A statement by, or on behalf of, the person(s) experiencing hardship or dependency (your family) must be submitted for proof of the claim. Family members should write letters that explain the situation, describe in detail why they can not give financial or personal help (including, where appropriate, statements of income and expenses), or why the help that family members do provide is not enough. (Usually it is not enough for you to state that relatives cannot or will not help with the situation. You must ask relatives to provide their own statements for your application.) Also provide statements from at least two people who know of the situation, but are not members of the family (such as doctors, employers, neighbors, etc.).
A claim of financial hardship must be supported by a carefully prepared and itemized budget. You will be expected to visit a base financial counseling service, where available. These service centers assist with budgeting and debt relief and can help draft an itemized budget. If possible, provide a notarized letter from a prospective employer with a job offer after discharge, including the salary, type of work, and hours of work per week.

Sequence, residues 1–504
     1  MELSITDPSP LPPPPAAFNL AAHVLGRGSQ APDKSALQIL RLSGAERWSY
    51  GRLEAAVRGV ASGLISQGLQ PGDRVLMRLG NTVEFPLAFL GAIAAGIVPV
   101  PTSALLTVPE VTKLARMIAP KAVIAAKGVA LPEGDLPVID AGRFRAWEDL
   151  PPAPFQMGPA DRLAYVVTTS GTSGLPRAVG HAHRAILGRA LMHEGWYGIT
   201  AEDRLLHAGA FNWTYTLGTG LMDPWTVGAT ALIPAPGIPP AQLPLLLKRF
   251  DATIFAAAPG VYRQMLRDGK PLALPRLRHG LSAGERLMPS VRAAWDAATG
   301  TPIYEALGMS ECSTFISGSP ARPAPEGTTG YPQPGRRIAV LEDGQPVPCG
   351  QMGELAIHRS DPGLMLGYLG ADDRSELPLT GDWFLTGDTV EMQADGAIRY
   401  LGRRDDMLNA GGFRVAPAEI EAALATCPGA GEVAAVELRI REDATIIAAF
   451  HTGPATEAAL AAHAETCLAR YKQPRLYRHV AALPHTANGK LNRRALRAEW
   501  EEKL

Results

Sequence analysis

If there is an illness or disability in the family, include a statement from all involved physicians or psychologists giving the history (including the date when the illness became serious or acute), diagnosis, and, most importantly, the prognosis of the illness.
If dependency is the result of a death in your family, provide a copy of the death certificate or other valid proof of death. Death certificates are usually kept in the city hall of the town where the person died or at the state capital. If you have trouble getting a copy, ask a doctor or minister to write a statement saying when the person died.
If your family works a farm and you are needed there, a statement from the County Farm Agent or Farm Bureau can be submitted. It should report the size of the farm, the area under cultivation, numbers of livestock, the availability of other farm labor in the area, and any other relevant information.
People asked to make statements will write most effectively if you explain the extent of the problem and the standards the military sets for discharge (see Tips for Statement Writers below). All letters and documentation should be sent to you, not directly to the commander. After gathering the documentation, check that the information is complete, accurate, and consistent. Call us at the GI Rights Hotline for help.